The next state is shown in figure 3-5. The negative voltage accumulated on the right side on capacitor C1 has caused Q2 to conduct. Now the following sequence of events takes place almost instantaneously. Q2 starts conducting and quickly saturates, and the voltage at output 2 changes from approximately -VCC to approximately 0 volts. This change in voltage is coupled through C2 to the base of Q1, forcing Q1 to cutoff. Now Q1 is in cutoff and Q2 is in saturation. This is the circuit situation shown
in figure 3-6.
Figure 3-5.—Astable multivibrator.
Figure 3-6.—Astable multivibrator. (Q2 saturated).
Notice that figure 3-6 is the mirror image of figure 3-4. In figure 3-6 the left side of capacitor C2 becomes more negative at a rate determined by the time constant R3C2. As the left side of C2 becomes more negative, the base of Q1 also becomes more negative. When the base of Q1 becomes negative enough to allow Q1 to conduct, Q1 will again go into saturation. The resulting change in voltage at output 1 will cause Q2 to return to the cutoff state.
Look at the output waveform from transistor Q2, as shown in figure 3-7. The output voltage (from either output of the multivibrator) alternates from approximately 0 volts to approximately -VCC, remaining in each state for a definite period of time. The time may range from a microsecond to as much as a second or two. In some applications, the time period of higher voltage (-VCC) and the time period of lower voltage (0 volts) will be equal. Other applications require differing higher- and lower-voltage times. For example, timing and gating circuits often have different pulse widths as shown in figure 3-8.
Figure 3-7.—Square wave output from Q2.
Figure 3-8.—Rectangular waves.
FREQUENCY STABILITY.—Some astable multivibrators must have a high degree of frequency stability. One way to obtain a high degree of frequency stability is to apply triggers. Figure 3-9, view (A), shows the diagram of a triggered, astable multivibrator. At time T0, a negative input trigger to the base of Q1 (through C1) causes Q1 to go into saturation, which drives Q2 to cutoff. The circuit will remain in this condition as long as the base voltage of Q2 is positive. The length of time the base of Q2 will remain positive is determined by C3, R3, and R6. Observe the parallel paths for C3 to discharge.
Figure 3-9A.—Triggered astable multivibrator and output.
View (B) of figure 3-9 shows the waveforms associated with the circuit. At time T1, Q2 comes out of cutoff and goes into saturation. Also, Q1 is caused to come out of saturation and is cut off. The base voltage waveform of Q1 shows a positive potential that is holding Q1 at cutoff. This voltage would normally hold Q1 at cutoff until a point between T2 and T3. However, at time T2 another trigger is applied to the base of Q1, causing it to begin conducting. Q1 goes into saturation and Q2 is caused to cut off. This action repeats each time a trigger (T2, T4, T6) is applied.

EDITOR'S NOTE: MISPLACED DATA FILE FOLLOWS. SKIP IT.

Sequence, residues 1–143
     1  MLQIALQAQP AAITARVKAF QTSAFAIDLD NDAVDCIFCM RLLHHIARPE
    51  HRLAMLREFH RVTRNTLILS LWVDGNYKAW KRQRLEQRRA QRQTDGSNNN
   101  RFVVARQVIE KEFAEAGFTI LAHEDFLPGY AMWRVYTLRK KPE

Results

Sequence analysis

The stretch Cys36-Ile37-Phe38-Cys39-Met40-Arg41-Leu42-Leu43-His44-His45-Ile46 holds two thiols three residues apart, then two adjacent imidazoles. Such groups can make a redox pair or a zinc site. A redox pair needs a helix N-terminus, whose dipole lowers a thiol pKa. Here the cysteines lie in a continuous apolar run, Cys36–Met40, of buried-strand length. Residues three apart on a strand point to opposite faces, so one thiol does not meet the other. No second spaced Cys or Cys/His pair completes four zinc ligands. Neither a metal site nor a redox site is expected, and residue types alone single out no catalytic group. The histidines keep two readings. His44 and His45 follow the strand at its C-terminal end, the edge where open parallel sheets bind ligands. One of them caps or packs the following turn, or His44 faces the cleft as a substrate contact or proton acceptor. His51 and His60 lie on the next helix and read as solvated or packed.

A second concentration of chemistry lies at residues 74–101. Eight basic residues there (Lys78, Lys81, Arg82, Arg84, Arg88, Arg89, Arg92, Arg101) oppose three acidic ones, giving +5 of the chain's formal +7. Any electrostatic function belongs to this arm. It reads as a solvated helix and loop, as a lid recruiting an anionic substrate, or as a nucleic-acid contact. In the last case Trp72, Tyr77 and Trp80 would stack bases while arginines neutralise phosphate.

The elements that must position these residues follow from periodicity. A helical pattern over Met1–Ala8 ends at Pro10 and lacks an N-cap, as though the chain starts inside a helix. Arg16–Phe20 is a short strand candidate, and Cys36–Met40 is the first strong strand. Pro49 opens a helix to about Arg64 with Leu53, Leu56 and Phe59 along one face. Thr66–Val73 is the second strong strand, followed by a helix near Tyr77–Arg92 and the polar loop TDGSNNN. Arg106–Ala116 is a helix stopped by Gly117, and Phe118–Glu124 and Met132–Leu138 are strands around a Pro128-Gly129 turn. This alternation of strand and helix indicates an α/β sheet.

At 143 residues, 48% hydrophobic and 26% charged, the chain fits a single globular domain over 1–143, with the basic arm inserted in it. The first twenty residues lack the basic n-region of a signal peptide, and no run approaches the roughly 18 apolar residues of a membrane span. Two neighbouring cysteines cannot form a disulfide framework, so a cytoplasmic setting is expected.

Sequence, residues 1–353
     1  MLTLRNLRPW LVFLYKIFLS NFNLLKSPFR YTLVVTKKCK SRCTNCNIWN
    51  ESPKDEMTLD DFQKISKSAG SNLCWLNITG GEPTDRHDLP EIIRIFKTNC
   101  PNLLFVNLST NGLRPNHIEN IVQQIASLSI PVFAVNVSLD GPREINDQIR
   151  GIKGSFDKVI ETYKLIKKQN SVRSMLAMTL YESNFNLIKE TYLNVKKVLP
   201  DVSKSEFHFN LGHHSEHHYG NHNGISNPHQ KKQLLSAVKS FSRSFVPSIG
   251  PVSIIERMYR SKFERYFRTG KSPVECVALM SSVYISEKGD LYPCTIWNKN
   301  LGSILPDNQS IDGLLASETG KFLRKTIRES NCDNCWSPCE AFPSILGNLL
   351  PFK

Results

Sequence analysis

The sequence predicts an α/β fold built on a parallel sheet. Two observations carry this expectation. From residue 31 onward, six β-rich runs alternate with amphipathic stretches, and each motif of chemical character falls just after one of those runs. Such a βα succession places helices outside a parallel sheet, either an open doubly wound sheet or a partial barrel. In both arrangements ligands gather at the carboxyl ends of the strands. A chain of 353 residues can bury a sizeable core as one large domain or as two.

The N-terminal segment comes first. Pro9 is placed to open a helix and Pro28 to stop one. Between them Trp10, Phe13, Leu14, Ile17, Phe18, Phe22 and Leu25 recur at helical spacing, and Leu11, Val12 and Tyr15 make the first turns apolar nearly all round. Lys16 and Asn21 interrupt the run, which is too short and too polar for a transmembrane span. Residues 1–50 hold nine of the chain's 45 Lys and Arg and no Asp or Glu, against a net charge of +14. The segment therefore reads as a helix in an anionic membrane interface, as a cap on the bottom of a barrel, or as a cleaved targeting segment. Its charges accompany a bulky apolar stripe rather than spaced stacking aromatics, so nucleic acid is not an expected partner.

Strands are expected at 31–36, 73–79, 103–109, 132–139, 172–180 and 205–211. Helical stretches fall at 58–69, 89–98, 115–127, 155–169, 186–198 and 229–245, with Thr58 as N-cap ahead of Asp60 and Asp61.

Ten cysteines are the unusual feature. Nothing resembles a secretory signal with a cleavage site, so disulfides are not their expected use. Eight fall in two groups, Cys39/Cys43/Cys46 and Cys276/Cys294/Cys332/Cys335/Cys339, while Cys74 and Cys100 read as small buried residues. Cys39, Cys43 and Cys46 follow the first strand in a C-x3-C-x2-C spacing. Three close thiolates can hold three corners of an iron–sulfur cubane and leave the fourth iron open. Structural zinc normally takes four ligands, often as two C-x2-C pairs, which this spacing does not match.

Figure 3-9B.—Triggered astable multivibrator and output.
The PRT of the input triggers must be shorter than the natural free-running PRT of the astable multivibrator, or the trigger PRF must be slightly higher than the free-running PRF of the circuit. This is to make certain the triggers control the PRT of the output.
The monostable multivibrator (sometimes called a ONE-SHOT MULTIVIBRATOR) is a square- or rectangular-wave generator with just one stable condition. With no input signal (quiescent condition) one amplifier conducts and the other is in cutoff. The monostable multivibrator is basically used for pulse stretching. It is used in computer logic systems and communication navigation equipment.
The operation of the monostable multivibrator is relatively simple. The input is triggered with a pulse of voltage. The output changes from one voltage level to a different voltage level. The output remains at this new voltage level for a definite period of time. Then the circuit automatically reverts to its original condition and remains that way until another trigger pulse is applied to the input. The monostable multivibrator actually takes this series of input triggers and converts them to uniform square pulses, as shown in figure 3-10. All of the square output pulses are of the same amplitude and time duration.
Figure 3-10.—Monostable multivibrator block diagram.
Introduction to Matter, Energy, and Direct Current,
to Alternating Current and Transformers, Introduction to Circuit Protection,
Control, and Measurement
, Introduction to Electrical Conductors, Wiring Techniques,
and Schematic Reading
, Introduction to Generators and Motors
Introduction to Electronic Emission, Tubes, and Power Supplies,
Introduction to Solid-State Devices and Power Supplies
Introduction to Amplifiers, Introduction to
Wave-Generation and Wave-Shaping Circuits
, Introduction to Wave Propagation, Transmission
Lines, and Antennas
, Microwave Principles,
, Introduction to Number Systems and Logic Circuits, Introduction
to Microelectronics, Principles of Synchros, Servos, and Gyros
Introduction to Test Equipment
, Radar Principles,
The Technician's Handbook,
Master Glossary, Test Methods and Practices,
Introduction to Digital Computers,
Magnetic Recording, Introduction to Fiber Optics